Yet, over and over again, Southern Baptist leaders talk about clergy sex abuse as though it were just another form of “sexual sin.” Repeatedly, I’ve seen them list child molestation along with such things as pornography, adultery, and even lustful thoughts. They lump it all together and call it “sexual sin.”
This suggests that they think it’s about sex.
It’s about a predator’s need to have absolute power over another human being. It’s about control and dominance.
Sexual abuse and sexual assault are powerful tactics to dehumanize and degrade others.
When you combine the tactic of sexual assault with the authority of a pastor and the weapon of God’s word, the dehumanization of the victim is complete.
There is no weapon more powerful than the word of God in the hands of a perverse pastoral con-man who traps true-believers as prey.
If a stranger had pulled out a knife, I might have stood a chance. At least I would have seen what confronted me and would have known it was a weapon.
But how should I have known to run from the word of God? How should I have known that Bible verses could be transformed into weapons?
With the coercion of God’s word, I didn’t see it as a weapon. My every instinct was to feel safe in the word of God and safe in the house of God.
Like a fish in a barrel, there was no escape from the boundaries of my own self-identity.
How do you run from the faith that you hold in your own head? How do you run from a faith so strong that it’s the very core of who you are? How do you run from your own soul?
There’s a reason why clergy abuse victims are almost invariably the most devout of kids. It’s the strength of their own faith that renders them vulnerable. It makes them gullible and trusting of religious leaders. It makes them easy prey.
Because it’s all so incomprehensible, the ways we find to survive often seem incomprehensible as well. Survival often means pushing it as far back to the darkest corner of our brain as we possibly can. We bury our memories to save our sanity. But the pain lives on.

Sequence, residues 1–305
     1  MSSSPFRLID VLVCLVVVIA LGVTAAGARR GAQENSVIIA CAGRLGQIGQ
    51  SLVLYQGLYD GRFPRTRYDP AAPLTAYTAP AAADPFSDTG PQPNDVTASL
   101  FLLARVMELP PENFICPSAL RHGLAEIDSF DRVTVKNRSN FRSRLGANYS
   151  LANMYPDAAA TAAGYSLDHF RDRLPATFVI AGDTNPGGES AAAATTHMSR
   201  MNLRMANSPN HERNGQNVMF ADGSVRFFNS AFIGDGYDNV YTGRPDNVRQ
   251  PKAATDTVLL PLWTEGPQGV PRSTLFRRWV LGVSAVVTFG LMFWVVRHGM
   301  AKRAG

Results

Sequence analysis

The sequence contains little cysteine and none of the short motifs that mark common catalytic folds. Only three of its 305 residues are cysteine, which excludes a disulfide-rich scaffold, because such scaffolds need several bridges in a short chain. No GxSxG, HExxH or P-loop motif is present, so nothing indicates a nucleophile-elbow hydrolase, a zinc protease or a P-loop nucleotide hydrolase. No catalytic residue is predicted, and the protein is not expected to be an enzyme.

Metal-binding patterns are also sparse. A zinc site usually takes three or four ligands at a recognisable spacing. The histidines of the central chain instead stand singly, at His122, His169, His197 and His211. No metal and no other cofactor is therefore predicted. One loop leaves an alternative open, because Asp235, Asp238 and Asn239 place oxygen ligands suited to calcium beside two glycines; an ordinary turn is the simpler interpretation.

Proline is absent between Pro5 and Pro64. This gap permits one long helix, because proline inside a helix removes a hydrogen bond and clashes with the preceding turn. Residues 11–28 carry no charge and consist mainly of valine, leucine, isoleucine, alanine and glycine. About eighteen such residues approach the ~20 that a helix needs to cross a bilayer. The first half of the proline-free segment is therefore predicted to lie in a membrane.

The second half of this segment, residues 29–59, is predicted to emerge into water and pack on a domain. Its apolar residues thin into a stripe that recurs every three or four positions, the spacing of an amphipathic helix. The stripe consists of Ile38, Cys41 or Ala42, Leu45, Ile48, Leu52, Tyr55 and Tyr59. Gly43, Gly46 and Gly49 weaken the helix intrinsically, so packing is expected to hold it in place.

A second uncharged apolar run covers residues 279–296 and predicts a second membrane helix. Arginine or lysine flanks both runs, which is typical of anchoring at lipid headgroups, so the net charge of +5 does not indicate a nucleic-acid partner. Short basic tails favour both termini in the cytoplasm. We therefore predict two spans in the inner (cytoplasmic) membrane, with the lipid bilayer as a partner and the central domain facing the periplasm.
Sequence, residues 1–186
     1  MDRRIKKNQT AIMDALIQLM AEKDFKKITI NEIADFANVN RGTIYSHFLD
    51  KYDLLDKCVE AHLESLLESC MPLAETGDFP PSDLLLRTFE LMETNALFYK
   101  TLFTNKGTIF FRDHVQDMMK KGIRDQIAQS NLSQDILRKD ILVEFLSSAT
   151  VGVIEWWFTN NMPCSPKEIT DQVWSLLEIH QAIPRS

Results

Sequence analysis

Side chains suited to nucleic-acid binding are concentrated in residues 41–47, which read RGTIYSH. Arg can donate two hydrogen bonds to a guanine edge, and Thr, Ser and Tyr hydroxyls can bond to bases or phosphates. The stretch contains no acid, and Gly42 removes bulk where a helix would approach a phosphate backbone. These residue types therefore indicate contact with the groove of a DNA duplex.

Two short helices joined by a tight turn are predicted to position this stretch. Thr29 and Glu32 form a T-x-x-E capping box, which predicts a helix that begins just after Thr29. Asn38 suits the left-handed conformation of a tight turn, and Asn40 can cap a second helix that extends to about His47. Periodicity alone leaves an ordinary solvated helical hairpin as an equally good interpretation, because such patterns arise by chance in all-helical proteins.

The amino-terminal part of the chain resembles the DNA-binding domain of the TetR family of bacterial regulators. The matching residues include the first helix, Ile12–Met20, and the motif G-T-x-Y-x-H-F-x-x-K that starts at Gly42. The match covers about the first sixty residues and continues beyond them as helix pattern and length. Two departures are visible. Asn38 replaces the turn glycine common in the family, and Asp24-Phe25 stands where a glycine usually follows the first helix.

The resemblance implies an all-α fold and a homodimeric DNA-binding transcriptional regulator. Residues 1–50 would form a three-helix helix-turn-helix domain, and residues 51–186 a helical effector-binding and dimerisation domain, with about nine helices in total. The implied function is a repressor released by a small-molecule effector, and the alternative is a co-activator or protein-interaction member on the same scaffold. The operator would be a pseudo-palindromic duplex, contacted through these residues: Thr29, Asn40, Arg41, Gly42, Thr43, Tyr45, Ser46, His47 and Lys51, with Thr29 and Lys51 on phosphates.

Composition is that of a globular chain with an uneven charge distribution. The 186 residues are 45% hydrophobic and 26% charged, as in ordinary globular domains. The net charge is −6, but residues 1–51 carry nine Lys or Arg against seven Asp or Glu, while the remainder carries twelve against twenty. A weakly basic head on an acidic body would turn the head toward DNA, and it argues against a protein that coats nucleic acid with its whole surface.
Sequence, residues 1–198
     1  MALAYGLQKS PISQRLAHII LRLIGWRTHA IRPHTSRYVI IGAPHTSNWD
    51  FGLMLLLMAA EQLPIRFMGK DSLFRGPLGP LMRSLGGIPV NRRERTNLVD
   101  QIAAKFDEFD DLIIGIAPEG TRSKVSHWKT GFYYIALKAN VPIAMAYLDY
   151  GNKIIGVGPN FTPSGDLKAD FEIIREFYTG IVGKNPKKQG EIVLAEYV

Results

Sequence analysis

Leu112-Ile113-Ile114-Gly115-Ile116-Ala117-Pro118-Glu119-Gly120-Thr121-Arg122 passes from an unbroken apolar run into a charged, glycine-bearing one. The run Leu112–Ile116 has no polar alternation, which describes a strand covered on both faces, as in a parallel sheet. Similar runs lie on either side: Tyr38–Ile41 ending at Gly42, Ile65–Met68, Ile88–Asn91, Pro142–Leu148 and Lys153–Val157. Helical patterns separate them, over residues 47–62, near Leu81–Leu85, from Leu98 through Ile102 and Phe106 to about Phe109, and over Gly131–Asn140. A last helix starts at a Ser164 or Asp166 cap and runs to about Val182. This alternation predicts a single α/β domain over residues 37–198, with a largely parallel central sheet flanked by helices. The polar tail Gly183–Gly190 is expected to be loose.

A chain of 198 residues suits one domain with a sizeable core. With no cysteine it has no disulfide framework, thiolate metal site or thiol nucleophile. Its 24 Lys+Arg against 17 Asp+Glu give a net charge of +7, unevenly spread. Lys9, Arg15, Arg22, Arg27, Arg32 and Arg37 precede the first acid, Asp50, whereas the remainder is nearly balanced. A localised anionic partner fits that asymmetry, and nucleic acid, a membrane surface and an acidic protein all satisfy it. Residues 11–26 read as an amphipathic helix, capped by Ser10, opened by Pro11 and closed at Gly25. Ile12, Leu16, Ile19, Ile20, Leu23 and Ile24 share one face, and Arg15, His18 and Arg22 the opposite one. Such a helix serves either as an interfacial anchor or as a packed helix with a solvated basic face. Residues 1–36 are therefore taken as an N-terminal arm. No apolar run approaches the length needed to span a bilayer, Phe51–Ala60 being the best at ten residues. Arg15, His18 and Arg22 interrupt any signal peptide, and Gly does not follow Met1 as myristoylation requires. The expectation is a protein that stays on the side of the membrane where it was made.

We are people who have been violated and degraded not only physically, emotionally, and psychologically, but also spiritually. The very essence of who we are – our very souls – are sullied, stomped, stripped and subjugated.
And how are we to heal when our primary resource for healing – our faith – is something we can no longer trust? How are we to heal when the part of our brain that held our faith is now the scorched land of the predator, and our instinct is now to run from it?
If this were all simply about sex, it would be so much easier. But it’s not.
It’s not about sex for the perpetrator, and it’s not about sex for the victim.
Most Southern Baptist leaders just don’t seem to understand this. It’s a huge disconnect in their thinking. And it’s a disconnect that degrades the survivors still more and expresses itself in the way Baptist leaders treat them.
So why don’t they get it? Why do Baptist leaders persist in acting as though clergy sex abuse is about sex?
Perhaps it’s because it makes it easier for THEM. Perhaps it allows them to think about clergy sex abuse in a way that seems to make some sense and that fits with things they know. Perhaps it makes their own world feel safer and more normal. Perhaps it’s because it allows them to perceive their clergy colleagues as men who have merely “fallen into sexual sin” instead of as predators who have wielded faith as a weapon for assault.
I can’t actually know the reason for the disconnect in Baptist leaders’ thinking. But this much I do believe: If Baptist leaders keep thinking clergy sex abuse is about sex, they will keep minimizing the horror of it.